Overview of Computerized Tomography (CT) Scans

A computerized tomography (CT) scan is a diagnostic imaging technique used to produce detailed pictures of the bones, organs, and other tissues. It can be performed on any part of the body and does not cause pain or discomfort. Computerized tomography scans provide more detailed pictures of the structures inside a patient's body than a standard x-ray. 

Many patients will need at least one imaging scan in their lifetime, and it is often a computerized tomography scan. These scans are quite important when it comes to diagnosing medical conditions. One of these conditions is cancer, and the scans can help inform the extent of the patient’s cancer so that doctors can recommend the most effective cancer treatment plan. This often includes chemotherapy and surgery for cancer. Of course, patients must understand how a computerized tomography scan works first.

How The Scan Works

Computerized tomography scans make two-dimensional pictures of a section of a patient's body. This scan sends numerous narrow beams of radiation through a patient's body in an arc shape. This allows for a collection of x-rays of the body to be taken from different angles. The x-ray apparatus inside a computerized tomography scanner can see hundreds of degrees of tissue density. This provides it with the ability to form details specific to certain tissues within an organ. The cross-sectional x-rays are compiled and built into a two or three-dimensional representation of the body, which is then projected onto a monitor. 

Computerized tomography scans have improved significantly since their debut in the 1970s. The scanners can be found in outpatient facilities as well as hospitals. A computerized tomography scan can help clarify an abnormality in a patient's body that another test, such as an ultrasound or an x-ray, has picked up.

Learn more about when computerized tomography scans are used next.

When CT Scans Are Used

Computerized tomography scans are used to create images of organs and structures inside a patient's body. The most common include the pelvis, soft tissues, brain, lungs, bones, abdomen, and blood vessels. These scans are highly preferred to make a clinical diagnosis of several types of cancers, such as lung cancer, liver cancer, and pancreatic cancer. A computerized tomography scan can tell a doctor the exact size of a tumor, where it is located concerning other structures, and the extent to which it has affected neighboring tissues.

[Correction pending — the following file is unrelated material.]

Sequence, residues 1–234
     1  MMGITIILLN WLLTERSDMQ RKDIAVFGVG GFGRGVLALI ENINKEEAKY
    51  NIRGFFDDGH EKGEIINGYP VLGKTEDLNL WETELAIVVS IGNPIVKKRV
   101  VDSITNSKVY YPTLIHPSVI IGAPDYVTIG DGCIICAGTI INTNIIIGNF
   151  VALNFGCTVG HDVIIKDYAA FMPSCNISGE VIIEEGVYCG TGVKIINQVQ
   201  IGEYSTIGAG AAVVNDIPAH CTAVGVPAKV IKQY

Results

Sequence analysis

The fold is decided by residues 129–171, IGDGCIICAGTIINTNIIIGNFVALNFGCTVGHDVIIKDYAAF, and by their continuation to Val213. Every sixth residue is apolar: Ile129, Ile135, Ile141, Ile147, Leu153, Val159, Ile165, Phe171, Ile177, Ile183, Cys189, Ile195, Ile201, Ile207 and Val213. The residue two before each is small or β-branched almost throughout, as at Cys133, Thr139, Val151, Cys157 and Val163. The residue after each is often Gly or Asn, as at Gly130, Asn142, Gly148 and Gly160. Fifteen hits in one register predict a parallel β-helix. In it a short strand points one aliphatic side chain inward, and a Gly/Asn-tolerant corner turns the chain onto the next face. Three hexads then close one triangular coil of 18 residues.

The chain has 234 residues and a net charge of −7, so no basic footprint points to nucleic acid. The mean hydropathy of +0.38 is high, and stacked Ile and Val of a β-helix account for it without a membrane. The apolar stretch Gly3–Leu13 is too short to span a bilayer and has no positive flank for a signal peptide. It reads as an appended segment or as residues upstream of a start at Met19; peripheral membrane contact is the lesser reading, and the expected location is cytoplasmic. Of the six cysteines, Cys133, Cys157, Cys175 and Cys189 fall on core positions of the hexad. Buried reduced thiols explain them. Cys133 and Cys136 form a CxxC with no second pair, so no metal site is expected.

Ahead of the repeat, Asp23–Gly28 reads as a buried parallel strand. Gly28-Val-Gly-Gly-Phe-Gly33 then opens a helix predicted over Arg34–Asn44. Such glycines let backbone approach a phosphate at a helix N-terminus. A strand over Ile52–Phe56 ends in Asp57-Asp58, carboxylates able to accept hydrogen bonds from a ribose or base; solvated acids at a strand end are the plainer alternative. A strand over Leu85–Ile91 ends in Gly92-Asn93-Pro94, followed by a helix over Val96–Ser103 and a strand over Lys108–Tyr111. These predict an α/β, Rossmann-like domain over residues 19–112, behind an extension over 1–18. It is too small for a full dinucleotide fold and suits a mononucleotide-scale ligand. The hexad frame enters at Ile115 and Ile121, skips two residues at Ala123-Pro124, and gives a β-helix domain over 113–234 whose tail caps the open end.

This type of scan can also tell a doctor if a patient has any bleeding, tumors, or swollen arteries in their brain. These scans can be useful when evaluating the condition of a patient's bones, identifying signs of bone disease, state of their spine, and changes in bone density. In some cases, computed tomography scans can guide a doctor when they need to do a biopsy or take a tissue sample.

Discover how to prepare for a computerized tomography scan next.

Preparing For A CT Scan

The preparation needed for a computerized tomography scan can differ depending on what part of an individual's body is being scanned. While metal objects like jewelry, hair clips, zippers, studs, button snaps, and underwires do not pose a safety hazard during this type of scan, they can compromise the quality of the results. Some medications may need to be stopped before the scan because they can interfere with the contrast agent being used. 

When an individual has a computerized tomography scan on their abdomen or pelvis, they may need to consume a contrast drink before the scan so their digestive tract shows up clearly. Someone having a scan on their pelvic region may need to have an enema with a contrast substance to help highlight their bowels on the scan. They may be asked to empty their bladder before the scan. A contrast agent may need to be injected into a patient's bloodstream before the scan.

Get more information on CT scans with contrast next.

CT Scans With Contrast

A contrast medium may be needed in some patients who have a computerized tomography scan. A barium based or water-based liquid contrast medium may need to be consumed orally before a patient has a pelvic or abdominal CT scan. If the scan is to be focused on the patient's small intestine, they may need to arrive at least an hour ahead of their scheduled scan. This time is required so the contrast medium has time to reach their small intestine before the scan is taken. 

Some patients need to have an intravenous contrast medium for their computerized tomography scan to highlight blood flow through the suspected structure or organ in the body. Intravenous contrast medium is injected into a vein in the patient's arm so it enters into their circulation. The intravenous contrast medium may make patients feel flushed or unusually warm. Some patients may get an upset stomach from the intravenous contrast medium after it is injected.

Read about the risks associated with computerized tomography scans next.

Risks Of A CT Scan

A computerized tomography scan is generally known to be a safe procedure for most individuals. While ionizing radiation is used during one of these scans, the exposure to the patient is minimal. Thus, it should not have any long term effects. Even though the dose of radiation is low, it can harm an unborn baby, so a pregnant woman or one who thinks they may be pregnant should not have one.